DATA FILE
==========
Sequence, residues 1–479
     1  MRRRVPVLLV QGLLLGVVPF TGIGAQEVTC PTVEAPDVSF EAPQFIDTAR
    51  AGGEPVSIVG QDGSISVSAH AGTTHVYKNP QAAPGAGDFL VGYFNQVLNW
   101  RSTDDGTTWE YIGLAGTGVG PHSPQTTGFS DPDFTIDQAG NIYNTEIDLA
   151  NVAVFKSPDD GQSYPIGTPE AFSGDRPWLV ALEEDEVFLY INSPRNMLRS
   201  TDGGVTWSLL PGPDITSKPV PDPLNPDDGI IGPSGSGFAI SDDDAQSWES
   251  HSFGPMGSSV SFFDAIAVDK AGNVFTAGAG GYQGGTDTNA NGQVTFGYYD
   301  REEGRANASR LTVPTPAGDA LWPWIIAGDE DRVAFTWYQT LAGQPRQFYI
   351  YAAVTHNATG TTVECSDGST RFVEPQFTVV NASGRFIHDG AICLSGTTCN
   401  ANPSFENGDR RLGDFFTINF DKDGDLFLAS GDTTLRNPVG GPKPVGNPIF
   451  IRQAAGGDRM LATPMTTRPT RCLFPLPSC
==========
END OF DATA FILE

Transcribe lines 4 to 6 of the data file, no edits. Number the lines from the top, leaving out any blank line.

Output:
   101  RSTDDGTTWE YIGLAGTGVG PHSPQTTGFS DPDFTIDQAG NIYNTEIDLA
   151  NVAVFKSPDD GQSYPIGTPE AFSGDRPWLV ALEEDEVFLY INSPRNMLRS
   201  TDGGVTWSLL PGPDITSKPV PDPLNPDDGI IGPSGSGFAI SDDDAQSWES